A playful game of cat and mouse is under way at the new Tory Burch pop-up in Los Angeles, created in collaboration with Humberto Leon. The space’s façade and interiors are adorned with supersize versions of expressive animal portraits shot by German portrait photographer Walter Schels. Burch emblazoned his cats, lions, and rabbits across her Resort 2024 collection’s tops, skirts, and pants, all hanging inside. Leon, the Opening Ceremony cofounder and L.A. native, commissioned Mexican artist Aranza Garcia of Chuch Estudio to create a series of pale pink ceramic seats and vases shaped like giant strawberries for the space, open through the end of the year while the line’s Rodeo Drive flagship is renovated. Floors, shelves, and displays inside are covered in shag carpet evoking cat towers. Additional catnip includes the first drop of Burch’s Spring 2024 collection with its hoop dresses, silk jersey goddess frocks, and Pierced wedges, curated by Leon. 8483 Melrose Ave., West Hollywood, 323-300-6068; toryburch.com. E.V.

BEVERLY HILLS
Hip, Hip, Hooray: Cipriani Lands in L.A.

LEFT: Simon Tchoukriel. RIGHT: Courtesy of Cipriani.

When Giuseppe Cipriani opened Harry’s Bar in 1931 on a quiet side street in Venice, Italy, he surely never imagined the cozy little place — where he served the likes of Ernest Hemingway, Katharine Hepburn, Orson Welles, and Peggy Guggenheim fresh Bellinis and calf’s liver and onions — would be replicated all over the world. You can dine at Cipriani in New York City, Miami, Dubai, Uruguay, Milan, Hong Kong, and Istanbul — and now Beverly Hills. Designed by Florentine architect Michele Bonan, the space shines with Murano chandeliers, lots of polished wood, tobacco leather chairs, and dark green velvet banquettes. The menu proposes Harry’s signature dishes, including carpaccio alla Cipriani, baked tagliolini with ham, risotto primavera, and that svelte calf’s liver. Because we’re talking Beverly Hills — and the first Cipriani in California — there will also be a patio for outdoor dining, along with a chic jazz café opening this Spring. 362 N. Camden Dr., Beverly Hills, 310-866-5060; cipriani.com/cipriani-beverly-hills. S.I.V.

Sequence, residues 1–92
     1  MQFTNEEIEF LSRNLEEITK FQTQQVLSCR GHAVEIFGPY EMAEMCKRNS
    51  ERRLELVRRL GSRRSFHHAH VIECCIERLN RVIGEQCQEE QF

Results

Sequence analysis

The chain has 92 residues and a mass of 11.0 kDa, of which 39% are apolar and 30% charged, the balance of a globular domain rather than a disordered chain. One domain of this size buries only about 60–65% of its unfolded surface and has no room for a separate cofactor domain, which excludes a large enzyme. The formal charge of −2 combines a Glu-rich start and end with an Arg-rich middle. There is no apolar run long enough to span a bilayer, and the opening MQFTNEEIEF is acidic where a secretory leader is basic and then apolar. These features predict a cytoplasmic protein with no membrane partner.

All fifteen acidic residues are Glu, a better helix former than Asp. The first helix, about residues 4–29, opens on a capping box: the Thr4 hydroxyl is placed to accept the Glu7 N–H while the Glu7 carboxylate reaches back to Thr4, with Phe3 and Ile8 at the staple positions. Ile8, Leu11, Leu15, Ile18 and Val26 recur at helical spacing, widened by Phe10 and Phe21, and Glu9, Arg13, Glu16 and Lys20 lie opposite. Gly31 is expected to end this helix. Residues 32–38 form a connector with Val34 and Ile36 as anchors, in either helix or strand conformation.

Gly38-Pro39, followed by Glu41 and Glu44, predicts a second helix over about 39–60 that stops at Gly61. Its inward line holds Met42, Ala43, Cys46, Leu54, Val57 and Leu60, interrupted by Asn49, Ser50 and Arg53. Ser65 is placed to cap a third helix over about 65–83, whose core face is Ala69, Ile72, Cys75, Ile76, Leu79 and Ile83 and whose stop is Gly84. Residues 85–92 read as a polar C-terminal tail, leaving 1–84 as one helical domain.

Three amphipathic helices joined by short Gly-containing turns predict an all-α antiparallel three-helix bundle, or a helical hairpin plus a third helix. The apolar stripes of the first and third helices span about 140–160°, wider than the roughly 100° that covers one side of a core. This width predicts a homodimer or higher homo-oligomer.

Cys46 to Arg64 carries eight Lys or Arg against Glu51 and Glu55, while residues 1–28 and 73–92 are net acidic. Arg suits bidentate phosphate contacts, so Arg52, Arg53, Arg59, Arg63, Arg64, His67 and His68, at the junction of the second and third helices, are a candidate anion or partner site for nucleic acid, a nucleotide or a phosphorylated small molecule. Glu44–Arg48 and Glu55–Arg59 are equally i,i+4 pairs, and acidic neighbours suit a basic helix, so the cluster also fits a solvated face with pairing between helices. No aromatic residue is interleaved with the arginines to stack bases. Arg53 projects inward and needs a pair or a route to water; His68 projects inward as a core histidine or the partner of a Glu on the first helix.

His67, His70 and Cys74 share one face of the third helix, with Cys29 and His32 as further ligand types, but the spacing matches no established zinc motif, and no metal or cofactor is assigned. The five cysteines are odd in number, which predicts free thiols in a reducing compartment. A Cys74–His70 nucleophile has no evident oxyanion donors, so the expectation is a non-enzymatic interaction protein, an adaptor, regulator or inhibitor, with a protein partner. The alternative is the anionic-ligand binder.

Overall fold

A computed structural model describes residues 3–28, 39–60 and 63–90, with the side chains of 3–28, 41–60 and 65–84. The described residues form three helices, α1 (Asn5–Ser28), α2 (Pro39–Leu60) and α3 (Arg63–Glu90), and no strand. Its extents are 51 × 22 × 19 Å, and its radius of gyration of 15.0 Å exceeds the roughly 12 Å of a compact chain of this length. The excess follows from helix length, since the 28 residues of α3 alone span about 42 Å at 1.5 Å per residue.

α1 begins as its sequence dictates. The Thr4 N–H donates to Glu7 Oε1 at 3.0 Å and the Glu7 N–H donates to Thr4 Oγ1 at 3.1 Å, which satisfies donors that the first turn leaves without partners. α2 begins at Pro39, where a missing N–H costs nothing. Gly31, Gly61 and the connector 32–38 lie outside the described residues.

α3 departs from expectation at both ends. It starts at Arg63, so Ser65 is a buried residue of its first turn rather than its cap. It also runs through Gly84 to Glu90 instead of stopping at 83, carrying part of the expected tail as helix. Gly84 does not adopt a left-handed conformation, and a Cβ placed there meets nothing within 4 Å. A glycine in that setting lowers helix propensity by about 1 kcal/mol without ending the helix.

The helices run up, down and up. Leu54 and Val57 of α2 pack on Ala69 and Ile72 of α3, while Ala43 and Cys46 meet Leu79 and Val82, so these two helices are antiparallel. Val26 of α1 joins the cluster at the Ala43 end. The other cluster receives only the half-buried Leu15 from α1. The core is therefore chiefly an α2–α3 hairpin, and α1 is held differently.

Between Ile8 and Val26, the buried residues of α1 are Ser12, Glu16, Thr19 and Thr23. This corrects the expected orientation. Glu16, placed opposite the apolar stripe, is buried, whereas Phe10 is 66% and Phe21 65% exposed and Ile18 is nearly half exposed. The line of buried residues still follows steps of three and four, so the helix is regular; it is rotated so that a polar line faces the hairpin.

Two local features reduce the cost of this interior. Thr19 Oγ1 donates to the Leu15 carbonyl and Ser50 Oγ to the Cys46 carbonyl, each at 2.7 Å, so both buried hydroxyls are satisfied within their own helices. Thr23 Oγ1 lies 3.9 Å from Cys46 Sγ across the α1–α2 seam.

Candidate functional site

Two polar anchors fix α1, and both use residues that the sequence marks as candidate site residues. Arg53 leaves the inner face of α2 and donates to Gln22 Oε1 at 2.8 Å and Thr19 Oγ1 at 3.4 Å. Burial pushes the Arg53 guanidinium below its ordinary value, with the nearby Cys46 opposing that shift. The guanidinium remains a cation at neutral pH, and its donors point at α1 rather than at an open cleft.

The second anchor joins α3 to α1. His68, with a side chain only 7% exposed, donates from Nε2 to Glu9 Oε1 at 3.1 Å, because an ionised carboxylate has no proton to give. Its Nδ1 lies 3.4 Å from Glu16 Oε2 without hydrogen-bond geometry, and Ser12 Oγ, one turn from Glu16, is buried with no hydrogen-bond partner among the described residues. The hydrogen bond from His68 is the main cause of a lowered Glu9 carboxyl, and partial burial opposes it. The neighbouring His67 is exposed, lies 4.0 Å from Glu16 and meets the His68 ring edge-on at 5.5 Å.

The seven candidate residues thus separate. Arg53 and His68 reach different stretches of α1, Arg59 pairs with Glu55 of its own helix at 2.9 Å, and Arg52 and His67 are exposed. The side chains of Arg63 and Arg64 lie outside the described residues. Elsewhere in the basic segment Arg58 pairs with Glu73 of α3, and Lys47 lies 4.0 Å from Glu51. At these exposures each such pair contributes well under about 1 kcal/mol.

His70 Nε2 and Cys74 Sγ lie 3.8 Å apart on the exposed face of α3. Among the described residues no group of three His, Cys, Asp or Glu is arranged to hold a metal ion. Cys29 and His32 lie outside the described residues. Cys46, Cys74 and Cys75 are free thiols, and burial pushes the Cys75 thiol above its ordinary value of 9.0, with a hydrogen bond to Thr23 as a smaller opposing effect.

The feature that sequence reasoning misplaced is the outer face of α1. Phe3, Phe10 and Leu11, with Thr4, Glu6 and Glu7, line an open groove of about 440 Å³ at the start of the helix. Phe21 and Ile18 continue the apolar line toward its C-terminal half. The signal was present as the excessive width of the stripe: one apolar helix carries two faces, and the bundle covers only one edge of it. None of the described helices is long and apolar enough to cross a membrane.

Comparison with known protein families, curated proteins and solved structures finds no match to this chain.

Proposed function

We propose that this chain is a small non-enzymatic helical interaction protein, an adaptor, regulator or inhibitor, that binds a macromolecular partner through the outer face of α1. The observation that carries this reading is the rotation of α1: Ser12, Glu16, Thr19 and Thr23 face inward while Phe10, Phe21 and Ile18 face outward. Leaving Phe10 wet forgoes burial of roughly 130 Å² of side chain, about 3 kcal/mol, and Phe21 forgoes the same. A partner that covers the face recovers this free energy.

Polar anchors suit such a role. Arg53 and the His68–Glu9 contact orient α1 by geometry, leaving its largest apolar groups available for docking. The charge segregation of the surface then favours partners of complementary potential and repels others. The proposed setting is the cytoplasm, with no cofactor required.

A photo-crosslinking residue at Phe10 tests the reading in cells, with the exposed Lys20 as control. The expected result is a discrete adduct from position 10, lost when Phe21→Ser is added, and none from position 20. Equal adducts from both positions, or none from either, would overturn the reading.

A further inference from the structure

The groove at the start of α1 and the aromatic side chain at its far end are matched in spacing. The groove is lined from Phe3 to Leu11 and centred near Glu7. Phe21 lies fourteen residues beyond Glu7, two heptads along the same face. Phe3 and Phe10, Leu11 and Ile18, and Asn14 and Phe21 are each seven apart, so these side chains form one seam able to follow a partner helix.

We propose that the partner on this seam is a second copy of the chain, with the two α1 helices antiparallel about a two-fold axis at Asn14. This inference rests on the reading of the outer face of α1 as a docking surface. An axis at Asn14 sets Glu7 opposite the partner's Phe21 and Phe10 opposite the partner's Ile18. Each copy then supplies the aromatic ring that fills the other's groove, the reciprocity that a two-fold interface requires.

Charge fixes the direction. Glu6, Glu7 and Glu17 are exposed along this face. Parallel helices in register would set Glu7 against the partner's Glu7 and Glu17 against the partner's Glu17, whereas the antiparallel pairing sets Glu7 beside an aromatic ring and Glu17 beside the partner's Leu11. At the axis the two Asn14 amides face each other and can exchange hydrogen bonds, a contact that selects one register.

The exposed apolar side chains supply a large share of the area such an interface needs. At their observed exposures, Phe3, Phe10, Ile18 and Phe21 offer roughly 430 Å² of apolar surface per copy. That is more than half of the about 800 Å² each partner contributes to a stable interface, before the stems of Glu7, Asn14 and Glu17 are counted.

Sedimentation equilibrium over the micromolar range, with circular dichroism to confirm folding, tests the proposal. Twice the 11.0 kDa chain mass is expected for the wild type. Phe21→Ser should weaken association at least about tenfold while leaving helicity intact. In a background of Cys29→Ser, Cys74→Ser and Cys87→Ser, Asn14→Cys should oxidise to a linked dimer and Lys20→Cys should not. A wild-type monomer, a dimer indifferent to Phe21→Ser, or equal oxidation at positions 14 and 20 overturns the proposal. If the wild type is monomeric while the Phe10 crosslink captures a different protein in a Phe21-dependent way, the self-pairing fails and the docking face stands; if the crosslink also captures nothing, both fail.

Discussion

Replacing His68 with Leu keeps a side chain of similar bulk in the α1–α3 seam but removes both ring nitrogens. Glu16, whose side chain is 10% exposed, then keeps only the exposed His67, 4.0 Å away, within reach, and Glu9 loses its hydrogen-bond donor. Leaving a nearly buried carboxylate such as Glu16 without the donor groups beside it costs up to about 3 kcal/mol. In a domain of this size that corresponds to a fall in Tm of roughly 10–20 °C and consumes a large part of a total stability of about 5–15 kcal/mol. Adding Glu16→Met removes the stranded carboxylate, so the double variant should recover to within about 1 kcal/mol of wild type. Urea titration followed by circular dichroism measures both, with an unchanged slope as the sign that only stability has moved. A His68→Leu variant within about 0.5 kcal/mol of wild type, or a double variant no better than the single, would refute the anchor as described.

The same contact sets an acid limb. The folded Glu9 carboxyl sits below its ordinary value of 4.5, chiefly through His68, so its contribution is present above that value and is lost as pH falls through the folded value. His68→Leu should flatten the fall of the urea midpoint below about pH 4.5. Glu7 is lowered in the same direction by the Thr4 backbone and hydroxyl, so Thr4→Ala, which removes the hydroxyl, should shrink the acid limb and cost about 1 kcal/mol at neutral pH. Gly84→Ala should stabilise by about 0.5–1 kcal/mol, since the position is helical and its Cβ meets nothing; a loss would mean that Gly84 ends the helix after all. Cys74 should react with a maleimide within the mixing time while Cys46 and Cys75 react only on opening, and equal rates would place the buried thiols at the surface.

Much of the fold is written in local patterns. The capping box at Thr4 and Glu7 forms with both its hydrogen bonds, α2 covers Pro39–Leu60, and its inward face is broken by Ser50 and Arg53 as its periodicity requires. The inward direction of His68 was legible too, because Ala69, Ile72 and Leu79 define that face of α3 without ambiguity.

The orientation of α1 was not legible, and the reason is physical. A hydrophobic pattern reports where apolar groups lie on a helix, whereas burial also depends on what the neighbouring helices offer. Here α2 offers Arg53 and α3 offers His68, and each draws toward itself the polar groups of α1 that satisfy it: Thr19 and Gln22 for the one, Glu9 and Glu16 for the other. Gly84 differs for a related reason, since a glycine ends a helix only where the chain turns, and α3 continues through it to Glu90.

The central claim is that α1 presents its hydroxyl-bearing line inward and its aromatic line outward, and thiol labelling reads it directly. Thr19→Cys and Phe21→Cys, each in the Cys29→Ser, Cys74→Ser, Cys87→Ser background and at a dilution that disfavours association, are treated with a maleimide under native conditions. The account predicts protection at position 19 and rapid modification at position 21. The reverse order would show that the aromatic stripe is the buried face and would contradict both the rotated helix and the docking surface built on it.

PALM SPRINGS
It’s Time to Peek Inside Some Midcentury Architectural Marvels

Sinatra Estate Twin Palms tour. PHOTO: David A. Lee.

This month, the annual Palm Springs Modernism Show beckons design-minded travelers with a treasure trove of 21st-century pieces from exhibitors from across the country, along with home tours of the most iconic addresses in the Coachella Valley. Think of the MTV show Cribs, but for desert-bound midcentury modern devotees. The artist Shag opens the doors to his reimagined midcentury modern abode that’s akin to walking into a life-size Shag painting. There’s a tour of the 1967 James McNaughton Hollywood Regency-style home led by homeowners fashion designer Candice Held and artist Tristan Gittens, plus a look inside the House of Tomorrow (where Elvis and Priscilla Presley honeymooned in 1967) and residences from legends such as John Lautner and Albert Frey. Inspired to add a dash of yesteryear to your own home? The show will boast Sputnik lamps and Paul McCobb chairs galore to bring back home after all the garden tours, lectures, and parties. February 15–25; modernismweek.com. K.M.

 

February 2024